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An interesting Twitter conversation with Rayo Herald (17th September, 2017)

After I posted yesterday's piece on Twitter, an interesting conversation with Rayo Herald's Twitter account ensued....









No, this isn't a self-congratulatory post, or a post to insult Rayo Herald, or even a post about Twitter conversations.

This is a post about hope.

We seem to think that footballers form emotional attachment and loyalty to their clubs, but being a professional footballer is a job - and that job is their means of survival. Which is why we celebrate, and revere, and treasure those who genuinely care about the club, put their money where their mouth is and stay on.

They didn't need to. They weren't expected to. And yet they did.

But there's another angle to it - and that is the fact that a player came to the club in the first place. Maybe he came because of money. But when it comes to Rayo, money is almost never the reason - it's usually the promise of a shop window. Almost always, a player uprooted their family and moved to a scrappy neighborhood in Madrid to play on a dire pitch. And that, in itself, deserved huge recognition.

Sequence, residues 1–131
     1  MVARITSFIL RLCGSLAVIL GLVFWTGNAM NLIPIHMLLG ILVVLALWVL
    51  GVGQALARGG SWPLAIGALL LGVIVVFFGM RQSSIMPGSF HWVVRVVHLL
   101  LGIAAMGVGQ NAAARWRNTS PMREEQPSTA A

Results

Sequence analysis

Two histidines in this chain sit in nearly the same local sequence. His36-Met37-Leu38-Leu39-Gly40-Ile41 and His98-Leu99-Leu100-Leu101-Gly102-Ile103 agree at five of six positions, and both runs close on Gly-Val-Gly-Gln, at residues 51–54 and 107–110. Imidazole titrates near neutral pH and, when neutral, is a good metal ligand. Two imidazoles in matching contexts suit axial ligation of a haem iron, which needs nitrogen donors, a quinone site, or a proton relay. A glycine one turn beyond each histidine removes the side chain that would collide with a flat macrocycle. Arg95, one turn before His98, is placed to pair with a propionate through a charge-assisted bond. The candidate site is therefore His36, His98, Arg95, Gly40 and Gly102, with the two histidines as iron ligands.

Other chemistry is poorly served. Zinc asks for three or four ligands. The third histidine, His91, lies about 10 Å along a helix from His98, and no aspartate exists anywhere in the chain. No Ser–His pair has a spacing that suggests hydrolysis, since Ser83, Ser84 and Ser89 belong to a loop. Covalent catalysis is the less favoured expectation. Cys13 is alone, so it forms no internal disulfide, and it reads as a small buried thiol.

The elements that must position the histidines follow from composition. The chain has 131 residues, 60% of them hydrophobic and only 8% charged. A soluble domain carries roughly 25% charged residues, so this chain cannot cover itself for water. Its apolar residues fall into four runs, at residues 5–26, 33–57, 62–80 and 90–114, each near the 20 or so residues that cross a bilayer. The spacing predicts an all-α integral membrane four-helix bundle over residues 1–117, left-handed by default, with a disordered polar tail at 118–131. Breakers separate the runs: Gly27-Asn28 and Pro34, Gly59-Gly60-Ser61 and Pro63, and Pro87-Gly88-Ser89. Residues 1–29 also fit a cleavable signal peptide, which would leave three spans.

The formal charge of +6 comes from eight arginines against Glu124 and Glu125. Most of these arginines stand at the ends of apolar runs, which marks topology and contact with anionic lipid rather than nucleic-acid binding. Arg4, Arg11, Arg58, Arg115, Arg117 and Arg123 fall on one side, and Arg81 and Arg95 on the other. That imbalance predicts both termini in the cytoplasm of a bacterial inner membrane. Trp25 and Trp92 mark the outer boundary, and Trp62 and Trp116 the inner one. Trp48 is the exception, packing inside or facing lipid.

Just think about the fact that just this season we permanently signed two players from Portugal, one from France, one from Argentina and one from Greece - all from the top division in their countries. As a second division club, that could have just as easily been a third division club this season, we were able to sign a Toulouse player, a Porto player, a Braga player, a Racing player, an Olympiakos player. Credit goes to not just the technical staff, but to the players who both moved from a different country and dropped down a division. You can only do that if you really believe in the project.

That is why it is important to not take the players that come in for granted. We can criticize them for poor performances. We can criticize them for a lack of professionalism. And that criticism is deserved in almost all cases. But to not care about the players themselves means not appreciating what they have had to sacrifice.

The problem is that as fans, me included, we expect the hope and optimism to come from the club, but even if it does it won't solve everything. It has to come from within.

It is hard, but let us be patient, and hope, and trust. Trust that other people, yes, even those at the club, are doing their jobs. Trust that other people have good motives, that - just like us - they want the best for the institutions they serve. And trust the players that, just maybe, will look at us - yes, us, because we are the club - and will want to stay on.

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